Cynthia, who participated in Art in the Park, a gardening activity in Southwark, said: “The activity has been great. If I wasn’t doing this, I would just be stuck indoors looking out the window".
David Slater, Artistic Director of Entelechy Arts said: “We are all living longer. Last year there were half a million people aged 90 and over living in the UK. Medical science given us more time but often these additional years are spent in loneliness and isolation. Meet Me at the Albany is a bold and imaginative response to that reality and we hope it is just the start - a pioneering example of the way arts spaces across the country can become meeting points for people who are marginalised or written out of the script. Places where people can connect and actively contribute to the cultural life of their communities.”
Notes to editors
* ONS National Census 2011 http://webarchive.nationalarchives.gov.uk/20160105160709/http://www.ons.gov.uk/ons/dcp171776_325486.pdf
** NHS Personal Social Services Adult Social Care Survey, England - 2013-14 http://content.digital.nhs.uk/catalogue/PUB14386
- The City Hall Get Moving report can be read here: www.london.gov.uk/get-moving
- The Get Moving pilot ran from 1 March to 31 July 2016
- City Hall’s Get Moving scheme, rolled out across 22 boroughs between March and July 2016, aimed to improve the health and wellbeing of older Londoners. More than 700 Londoners over the age of 55 participated, with 92 per cent over 60 years old. 37 per cent of participants were ethnic minorities and over 50 per cent were disabled
- Six short films were made on the Get Moving pilot, highlighting case studies and the benefits activities had on Londoners. The films can be viewed here: www.london.gov.uk/get-moving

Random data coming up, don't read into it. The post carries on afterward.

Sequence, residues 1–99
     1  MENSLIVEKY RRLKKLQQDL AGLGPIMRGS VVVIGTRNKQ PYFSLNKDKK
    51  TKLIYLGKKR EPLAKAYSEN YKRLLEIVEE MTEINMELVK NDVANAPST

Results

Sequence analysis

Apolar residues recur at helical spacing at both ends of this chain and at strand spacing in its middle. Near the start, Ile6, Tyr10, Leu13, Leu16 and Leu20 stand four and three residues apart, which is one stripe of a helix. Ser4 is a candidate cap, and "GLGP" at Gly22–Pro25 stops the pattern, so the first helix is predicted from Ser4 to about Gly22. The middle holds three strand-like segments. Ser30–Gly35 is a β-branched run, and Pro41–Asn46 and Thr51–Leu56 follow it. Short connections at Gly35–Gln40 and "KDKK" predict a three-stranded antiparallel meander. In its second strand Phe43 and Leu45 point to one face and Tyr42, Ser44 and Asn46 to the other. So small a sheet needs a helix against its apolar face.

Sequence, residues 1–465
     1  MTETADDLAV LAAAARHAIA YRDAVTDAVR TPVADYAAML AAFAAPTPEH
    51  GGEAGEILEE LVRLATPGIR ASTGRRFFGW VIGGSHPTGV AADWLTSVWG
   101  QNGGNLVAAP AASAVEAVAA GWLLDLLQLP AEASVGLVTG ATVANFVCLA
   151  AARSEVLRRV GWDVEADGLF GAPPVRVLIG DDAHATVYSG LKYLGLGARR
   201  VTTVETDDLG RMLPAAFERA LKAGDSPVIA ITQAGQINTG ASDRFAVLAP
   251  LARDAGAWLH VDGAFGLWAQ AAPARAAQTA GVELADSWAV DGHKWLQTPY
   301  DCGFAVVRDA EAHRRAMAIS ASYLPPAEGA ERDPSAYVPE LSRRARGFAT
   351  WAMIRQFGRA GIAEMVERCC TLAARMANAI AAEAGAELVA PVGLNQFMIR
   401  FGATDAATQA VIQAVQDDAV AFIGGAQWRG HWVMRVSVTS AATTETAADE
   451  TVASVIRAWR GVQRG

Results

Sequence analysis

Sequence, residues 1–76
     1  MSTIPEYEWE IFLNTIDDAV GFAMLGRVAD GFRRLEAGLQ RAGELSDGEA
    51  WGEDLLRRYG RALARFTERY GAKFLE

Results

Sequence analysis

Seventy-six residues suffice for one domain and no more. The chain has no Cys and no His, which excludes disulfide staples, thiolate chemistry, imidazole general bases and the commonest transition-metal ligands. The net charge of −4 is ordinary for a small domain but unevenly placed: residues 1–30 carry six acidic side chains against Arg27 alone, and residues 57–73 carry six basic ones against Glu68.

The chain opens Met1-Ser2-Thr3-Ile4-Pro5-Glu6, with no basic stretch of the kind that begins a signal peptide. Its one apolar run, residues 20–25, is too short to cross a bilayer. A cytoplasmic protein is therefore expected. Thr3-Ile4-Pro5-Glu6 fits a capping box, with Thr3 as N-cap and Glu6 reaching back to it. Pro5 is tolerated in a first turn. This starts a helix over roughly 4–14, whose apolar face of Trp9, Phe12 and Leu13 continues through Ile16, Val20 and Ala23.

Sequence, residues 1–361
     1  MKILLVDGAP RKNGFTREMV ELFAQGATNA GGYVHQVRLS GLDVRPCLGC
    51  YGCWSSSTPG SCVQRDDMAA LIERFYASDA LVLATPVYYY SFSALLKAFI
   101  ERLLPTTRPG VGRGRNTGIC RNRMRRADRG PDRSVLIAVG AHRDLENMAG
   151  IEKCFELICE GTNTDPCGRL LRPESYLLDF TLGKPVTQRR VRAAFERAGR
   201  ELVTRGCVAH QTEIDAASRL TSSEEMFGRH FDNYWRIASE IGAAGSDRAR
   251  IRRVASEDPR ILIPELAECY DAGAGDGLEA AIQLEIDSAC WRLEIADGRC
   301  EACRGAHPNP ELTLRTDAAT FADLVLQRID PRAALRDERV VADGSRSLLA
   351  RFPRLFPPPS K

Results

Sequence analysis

- Meet Me at the Albany was launched as an alternative day care and lunch club for the over 60s and is jointly led by artists and participants. Launched in 2013, it is run by the Albany and Entelechy Arts in partnership with London Borough of Lewisham. The programme brings together a community of isolated older people who have the least access to community services and support. Over 40 volunteers and participants meet weekly at the Albany and activities range from crafts and choir to circus and dance. The programme expanded this year in a partnership with Lewisham Homes to sheltered accommodation sites throughout Lewisham.
- Voltarol®, made by GlaxoSmithKline Consumer Healthcare, contains diclofenac and is an anti-inflammatory pain reliever. The Voltarol® portfolio includes topical formulations to relieve pain and inflammation so that consumers can enjoy the Joy of Movement. To learn more about body pain and how to relieve body pain effectively, go to voltarol.co.uk.
- The following organisations took part in the Get Moving pilot:
- All Change, Going Places (Islington)
- Peabody, Age Is Just a Number (Hackney, Hammersmith & Fulham, Islington, Lambeth, Lewisham, Southwark, Tower Hamlets, Wandsworth, Westminster
- Arts Depot, The Independents (Barnet)
- Rambert, Mim’s Movers (Camden, Hounslow, Islington, Kingston upon Thames)
- Entelechy Arts, Meet Me Moving (Lewisham, Southwark)
- Green Candle Dance Company, Cut a Rug with Green Candle (Merton)
- Southall Community Alliance (SCA), Golden Oldies (Southall)
- Henna Asian Women’s Group, Active Until We Can (Camden)
- Leonard Cheshire Disability, Keep Well Together (Wandsworth)
- Age UK Merton, Fresh Start (Merton)
- East London Vision, Active4Sight (Barking & Dagenham, Havering)
- Art in The Park, Community Green (Southwark)
- ActiveNewham, Health Active Programme (Newham)
- Bishop Creighton House, Keep Active for Older People (Hammersmith & Fulham, Kensington & Chelsea, Westminster)
- Everyone Active, Staying Active (Ealing)
- Leyton Orient Trust, Get Going Together (Hackney, Tower Hamlets)